Our fondest memories and friendships were made in school, particularly in high school, just about the time we took the leap from childhood to womanhood, the times when the silly, or worse, things we did were quickly forgiven as follies of youth.
Indeed, we were blessed to have been young at the right time and in the right place. Some of us were among the pioneer students of St. Theresa’s Quezon City, when or after it opened in 1947, only a couple of years after the war, the perfect time to learn of love of God and country.
St. Theresa’s began as a shack, with walls of sawali; its last tenants had been American soldiers. It sat amid rustic charm, with carabaos grazing in fields and fields of green. The nuns seized that setting for our first lessons in humility and simplicity, genteel courtesies and refinements, virtues that carried over from how we dressed and comported ourselves to how we set our life’s priorities.
They imposed discipline, demanding nothing short of excellence in everything we set out to do and hopping to it. Tardiness was a huge crime, time being of the essence as an overarching theme.
It was in high school that we first learned to make friends, the fastest and truest ones, so that to this day we, not only as a class, but as an entire high school community of the era, have remained, if not close, at least in touch. As a class of two sections divided alphabetically, we couldn’t have made it this far without someone shepherding us and making sure no one escapes the loop and gets lost.
Fortunately for us, through the years, there was always Fanny, phoning, texting, e-mailing, reminding, updating, doing the job that chooses precisely the person—the most competent, most patient and most caring—and not the other way around.
And I can tell you now, with great pride, that our friendships have not at all cooled; in fact they have deepened, despite the circumstances—the physical distances, for one—that have separated some of us.
Proof is 10 classmates came home from the States, as though they had never left, back basically the way we remembered them, for our Diamond Jubilee last year. Before the programmed celebration in school, the core class of 30 strong locals treated balikbayan classmates and friends to a pre-Diamond jubilee party outside.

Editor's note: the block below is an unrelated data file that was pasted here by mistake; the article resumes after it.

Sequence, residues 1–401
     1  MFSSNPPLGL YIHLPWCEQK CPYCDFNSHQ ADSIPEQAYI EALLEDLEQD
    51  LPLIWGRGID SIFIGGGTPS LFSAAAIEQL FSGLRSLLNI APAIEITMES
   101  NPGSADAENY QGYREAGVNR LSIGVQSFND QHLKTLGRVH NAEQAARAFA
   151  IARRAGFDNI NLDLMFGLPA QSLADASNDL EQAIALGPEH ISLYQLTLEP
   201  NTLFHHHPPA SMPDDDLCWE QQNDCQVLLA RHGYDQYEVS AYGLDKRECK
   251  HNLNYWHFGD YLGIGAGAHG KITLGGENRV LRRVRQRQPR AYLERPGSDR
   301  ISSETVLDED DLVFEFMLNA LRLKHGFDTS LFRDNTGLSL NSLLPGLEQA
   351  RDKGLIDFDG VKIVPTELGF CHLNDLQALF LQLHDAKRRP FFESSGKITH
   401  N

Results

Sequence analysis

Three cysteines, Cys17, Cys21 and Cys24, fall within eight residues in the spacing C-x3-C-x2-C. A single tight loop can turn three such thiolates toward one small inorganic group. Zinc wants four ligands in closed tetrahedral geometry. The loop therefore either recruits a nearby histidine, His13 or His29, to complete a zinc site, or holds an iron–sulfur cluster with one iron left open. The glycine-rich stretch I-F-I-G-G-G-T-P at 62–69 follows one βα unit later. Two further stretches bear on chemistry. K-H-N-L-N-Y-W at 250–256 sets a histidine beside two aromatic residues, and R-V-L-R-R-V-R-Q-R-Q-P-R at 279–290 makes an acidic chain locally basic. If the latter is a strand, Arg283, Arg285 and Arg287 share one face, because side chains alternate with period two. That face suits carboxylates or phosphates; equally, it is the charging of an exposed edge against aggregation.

One by one, each member of the class was introduced by me, the emcee, as each made a grand entrance into the hall. Each Jubilarian in the moment’s limelight who could, did a beauty queen’s walk/dance to the beat of “Stayin’ Alive” once around the hall before taking her place at her table.
When I welcomed our special balikbayan guests, I made the mistake of asking each one, as I called their names, to stand up and be recognized. A few could hardly stand, much less be recognized. Not entirely their fault: blame could be distributed between fading memories and faded visions, not to mention other physical ravages of time.
So, instead, I asked each one to move whatever body part they still could. When I called their names, up went limbs or walking canes. Sure enough, with the laughter, memories flowed back, like blood to our brains and, as the night wore on, more vivid recollections were shared.
At dinner, in keeping with the constant reminders by the president of our alumnae association, Dr. Chit Reodica, on the virtue of altruism, I called on the balikbayan to have first crack at the balat ng lechon.
For entertainment, we invited an artist close to our hearts and age, Pilita Corrales, who has become a friend of the class; and later on, we all indulged in the popular occupation of people our age: dancing!
On cue, young and not so young men garbed in coat and tie came out of the woodwork to dance with our guests, first. I don’t know what it is about dancing, but something happens as soon as the music starts; old bodies become young again, and rock!
Dancing turned out to be just the right warm-up for our dance presentation the following day. As usual, we had planned big, but not everybody came to practice, much to the frustration of our prima ballerina, our choreographer for life and for free—Vella Damian.
Poor Vella kept simplifying the dance steps as we went along to suit our failing memories and bodies. We might not amaze, but we would definitely amuse our friendly audience.
Tender loving care
In homecoming events, the oldies always steal the show— and were we a hit! That is not to take away credit from Fanny, whose constant tender loving care carried us, much older people now, smoothly through the strain of practice and getting our act together.
It was also Fanny who started our Class ’55 tradition of having a representation at every homecoming to show our support for the current Jubilarian celebrators; it also gave us another excuse to get together.
A Diamond Jubilee is where the buck stops; nothing comes after. But 60 years is a long time to be friends, and that kind of friendship outlasts school jubilees. In our mid-’70s now, a few have pacemakers, one or two are going through dialysis; golden wedding anniversaries have come, and some classmates have become widowed, if not passed on themselves.
Still and all, we have much to be grateful for. We’ve lived long yet have kept our minds curious; we’ve remained informed and involved in current events, not backing away from the challenges of modern times; our hearts continue to beat for one another and bleed for the less fortunate.
Indeed, how can we forget, with constant reminders from the president of the alumnae association, our very own Dr. Chit, who has kept us constantly aware of the virtue and joy of “being a person for others”—itself the mother of all lessons learned in our beloved St. Theresa’s.